BMC Software is extending the reach of its campaign to bring DevOps to the mainframe to the IBM Db2 databases that run on the venerable platform.
John McKenny, senior vice president, ZSolutions Strategy and Innovation at BMC, said BMC AMI DevOps for Db2 makes it possible for DevOps teams to automate changes to the Db2 schemas as part of a pipeline being employed on a Jenkins continuous integration/continuous development (CI/CD) platform.
As part of its effort to bring DevOps processes to the mainframe, McKenny said BMC is trying to bridge the historical gap between DevOps teams and database administrators. Many DevOps teams have tried to bypass DBAs that they often perceive to be to slow to keep up with agile development processes. In mainframe environments, however, Db2 databases remain the primary source of data for applications. BMC AMI DevOps for Db2 automatically discovers and determines database schema change requirements, streamlines the review and approval process and implements those changes, he said.
BMC AMI DevOps for Db2 is part of a portfolio of BMC automated mainframe intelligence (AMI) tools that leverage a policy engine to enforce best practices for database schemas. Those tools play a critical role in enabling organizations that continue to rely on mainframes to capture those best practices at a time when many of the IT professionals who defined those best practices are retiring, said McKenny, adding BMC will evaluate whether it will add support for other mainframe databases such as IMS based on demand.
It’s unclear how much or even whether organizations that rely on mainframes are embracing best DevOps processes. Providers of tools for mainframe environments such as BMC are betting digital business transformation initiatives will require those organizations to replace their current application development and deployment tools and processes with DevOps processes, which are more agile. The challenge, however, is overcoming the perception that existing waterfall approaches to application development and deployment result in more reliable software. As a result, many organizations that rely on mainframes are trying to determine which methodology to employ based on the nature and criticality of the application workload.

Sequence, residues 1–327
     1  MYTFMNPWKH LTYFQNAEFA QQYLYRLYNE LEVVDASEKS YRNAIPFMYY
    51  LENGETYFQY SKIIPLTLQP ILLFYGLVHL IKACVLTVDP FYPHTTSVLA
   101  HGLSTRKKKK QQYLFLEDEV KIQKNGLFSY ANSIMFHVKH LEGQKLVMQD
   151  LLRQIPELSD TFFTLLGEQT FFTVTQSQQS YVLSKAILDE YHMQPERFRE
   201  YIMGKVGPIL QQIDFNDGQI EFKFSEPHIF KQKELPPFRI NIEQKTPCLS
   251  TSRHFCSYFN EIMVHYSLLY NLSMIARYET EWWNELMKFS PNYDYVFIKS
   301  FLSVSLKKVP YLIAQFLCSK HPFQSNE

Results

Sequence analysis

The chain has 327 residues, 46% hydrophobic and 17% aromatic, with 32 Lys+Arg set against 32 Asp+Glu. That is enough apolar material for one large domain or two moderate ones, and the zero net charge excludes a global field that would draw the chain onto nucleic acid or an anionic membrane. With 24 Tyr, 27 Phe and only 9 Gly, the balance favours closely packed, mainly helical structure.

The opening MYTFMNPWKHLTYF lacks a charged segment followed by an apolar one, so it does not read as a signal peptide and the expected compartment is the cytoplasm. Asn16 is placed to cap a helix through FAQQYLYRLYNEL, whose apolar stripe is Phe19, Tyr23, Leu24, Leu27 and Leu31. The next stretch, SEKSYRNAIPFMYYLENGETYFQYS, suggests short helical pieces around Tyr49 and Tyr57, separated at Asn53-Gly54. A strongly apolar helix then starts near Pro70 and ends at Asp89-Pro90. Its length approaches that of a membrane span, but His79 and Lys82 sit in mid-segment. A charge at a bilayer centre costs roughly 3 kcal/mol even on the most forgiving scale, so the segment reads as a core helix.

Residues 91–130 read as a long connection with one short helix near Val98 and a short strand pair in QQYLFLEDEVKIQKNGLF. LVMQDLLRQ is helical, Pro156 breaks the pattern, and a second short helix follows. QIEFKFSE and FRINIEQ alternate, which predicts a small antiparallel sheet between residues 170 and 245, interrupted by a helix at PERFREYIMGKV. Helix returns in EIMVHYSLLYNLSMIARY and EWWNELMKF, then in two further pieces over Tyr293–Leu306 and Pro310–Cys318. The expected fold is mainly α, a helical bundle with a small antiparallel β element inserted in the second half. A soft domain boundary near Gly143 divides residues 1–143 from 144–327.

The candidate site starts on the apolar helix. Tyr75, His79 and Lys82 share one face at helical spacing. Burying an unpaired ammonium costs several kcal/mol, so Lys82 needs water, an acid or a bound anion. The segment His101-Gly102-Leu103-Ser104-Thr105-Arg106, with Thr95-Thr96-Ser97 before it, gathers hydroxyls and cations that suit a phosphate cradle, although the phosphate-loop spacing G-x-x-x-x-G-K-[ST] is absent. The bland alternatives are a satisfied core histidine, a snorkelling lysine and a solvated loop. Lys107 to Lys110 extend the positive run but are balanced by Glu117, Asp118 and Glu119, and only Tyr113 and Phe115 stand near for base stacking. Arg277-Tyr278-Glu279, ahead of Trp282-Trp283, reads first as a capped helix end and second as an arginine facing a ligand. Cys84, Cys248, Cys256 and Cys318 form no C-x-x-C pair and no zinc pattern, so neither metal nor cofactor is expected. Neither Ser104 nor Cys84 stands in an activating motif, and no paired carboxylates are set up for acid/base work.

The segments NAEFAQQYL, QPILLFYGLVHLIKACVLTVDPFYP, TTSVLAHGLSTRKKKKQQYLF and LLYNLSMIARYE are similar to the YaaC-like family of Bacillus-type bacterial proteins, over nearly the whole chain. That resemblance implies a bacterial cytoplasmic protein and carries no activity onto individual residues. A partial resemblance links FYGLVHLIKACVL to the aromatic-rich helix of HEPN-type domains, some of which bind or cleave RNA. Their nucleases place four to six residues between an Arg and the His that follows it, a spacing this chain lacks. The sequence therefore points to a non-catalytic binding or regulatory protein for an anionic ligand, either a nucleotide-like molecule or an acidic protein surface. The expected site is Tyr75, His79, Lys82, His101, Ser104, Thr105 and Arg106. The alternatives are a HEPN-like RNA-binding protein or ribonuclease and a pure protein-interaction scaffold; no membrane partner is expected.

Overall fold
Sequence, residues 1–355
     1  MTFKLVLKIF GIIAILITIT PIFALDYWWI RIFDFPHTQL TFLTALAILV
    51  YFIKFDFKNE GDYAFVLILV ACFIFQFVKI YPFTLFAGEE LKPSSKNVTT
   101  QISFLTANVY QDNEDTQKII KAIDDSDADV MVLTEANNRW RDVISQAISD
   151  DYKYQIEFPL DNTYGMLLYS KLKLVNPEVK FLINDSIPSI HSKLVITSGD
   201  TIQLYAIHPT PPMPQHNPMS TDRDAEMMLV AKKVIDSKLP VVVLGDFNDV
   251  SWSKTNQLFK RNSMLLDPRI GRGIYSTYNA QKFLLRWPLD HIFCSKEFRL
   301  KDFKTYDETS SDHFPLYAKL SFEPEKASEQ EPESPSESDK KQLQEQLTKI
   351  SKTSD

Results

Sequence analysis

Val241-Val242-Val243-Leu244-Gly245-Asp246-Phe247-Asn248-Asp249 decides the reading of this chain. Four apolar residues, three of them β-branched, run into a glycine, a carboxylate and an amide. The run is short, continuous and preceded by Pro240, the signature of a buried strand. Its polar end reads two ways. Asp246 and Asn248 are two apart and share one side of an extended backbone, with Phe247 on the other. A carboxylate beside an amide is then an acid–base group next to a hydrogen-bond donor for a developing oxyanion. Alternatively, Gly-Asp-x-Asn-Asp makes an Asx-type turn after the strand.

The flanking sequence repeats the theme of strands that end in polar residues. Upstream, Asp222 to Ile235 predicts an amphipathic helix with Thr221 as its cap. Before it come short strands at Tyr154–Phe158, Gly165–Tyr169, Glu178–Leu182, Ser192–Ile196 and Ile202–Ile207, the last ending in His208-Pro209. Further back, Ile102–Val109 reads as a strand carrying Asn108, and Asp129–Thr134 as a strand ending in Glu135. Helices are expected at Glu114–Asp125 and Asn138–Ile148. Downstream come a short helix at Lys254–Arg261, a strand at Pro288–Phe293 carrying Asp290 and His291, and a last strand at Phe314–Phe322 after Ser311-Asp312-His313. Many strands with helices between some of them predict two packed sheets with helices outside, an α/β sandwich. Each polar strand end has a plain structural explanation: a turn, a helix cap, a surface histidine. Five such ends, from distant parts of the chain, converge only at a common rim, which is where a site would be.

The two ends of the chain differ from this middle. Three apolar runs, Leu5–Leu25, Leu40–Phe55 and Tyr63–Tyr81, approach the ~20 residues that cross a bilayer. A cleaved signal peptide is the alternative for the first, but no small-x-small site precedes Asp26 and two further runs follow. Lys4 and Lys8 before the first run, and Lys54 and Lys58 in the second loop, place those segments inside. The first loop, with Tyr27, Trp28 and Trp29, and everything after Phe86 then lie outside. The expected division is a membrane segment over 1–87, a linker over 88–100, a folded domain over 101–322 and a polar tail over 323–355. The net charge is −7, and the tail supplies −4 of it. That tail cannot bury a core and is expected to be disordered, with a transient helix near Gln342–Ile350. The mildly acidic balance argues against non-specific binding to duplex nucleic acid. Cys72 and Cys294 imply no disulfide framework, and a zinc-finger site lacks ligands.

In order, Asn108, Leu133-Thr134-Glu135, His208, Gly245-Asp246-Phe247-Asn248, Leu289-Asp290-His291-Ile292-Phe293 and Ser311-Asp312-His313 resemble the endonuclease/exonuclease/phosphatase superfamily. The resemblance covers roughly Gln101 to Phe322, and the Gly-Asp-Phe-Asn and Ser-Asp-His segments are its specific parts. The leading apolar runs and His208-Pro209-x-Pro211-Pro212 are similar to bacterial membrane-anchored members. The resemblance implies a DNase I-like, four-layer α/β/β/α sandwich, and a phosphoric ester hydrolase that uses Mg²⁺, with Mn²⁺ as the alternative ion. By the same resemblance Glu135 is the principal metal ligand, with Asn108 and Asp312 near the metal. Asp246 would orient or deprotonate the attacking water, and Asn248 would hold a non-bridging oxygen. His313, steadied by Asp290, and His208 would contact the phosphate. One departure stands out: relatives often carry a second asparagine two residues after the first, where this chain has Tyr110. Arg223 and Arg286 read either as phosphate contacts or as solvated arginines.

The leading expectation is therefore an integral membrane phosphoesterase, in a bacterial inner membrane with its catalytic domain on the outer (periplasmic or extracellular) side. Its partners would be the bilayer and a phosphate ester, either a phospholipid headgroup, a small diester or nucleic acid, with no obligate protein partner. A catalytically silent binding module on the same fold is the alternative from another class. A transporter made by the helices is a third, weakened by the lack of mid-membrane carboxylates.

At the same time, BMC is investing in various forms of artificial intelligence (AI) to automate IT operations, otherwise known as AIOps. Naturally, BMC is not the only provider of IT management frameworks with similar ambitions, but it contends that after decades of providing tools to manage both mainframe and distributed computing environments, it’s in a better position than its rivals to aggregate all the data required to drive the models that are at the core of any AIOps platform.
Of course, it remains to be seen to what degree IT organizations are comfortable with AIOps. Beyond the perceived threat to their jobs, many IT professionals are skeptical AI models are sophisticated enough to automate complex IT processes reliably. The one thing that is clear is that with the simultaneous rise of DevOps and AIOps, the way IBM platforms have been managed is about to change utterly.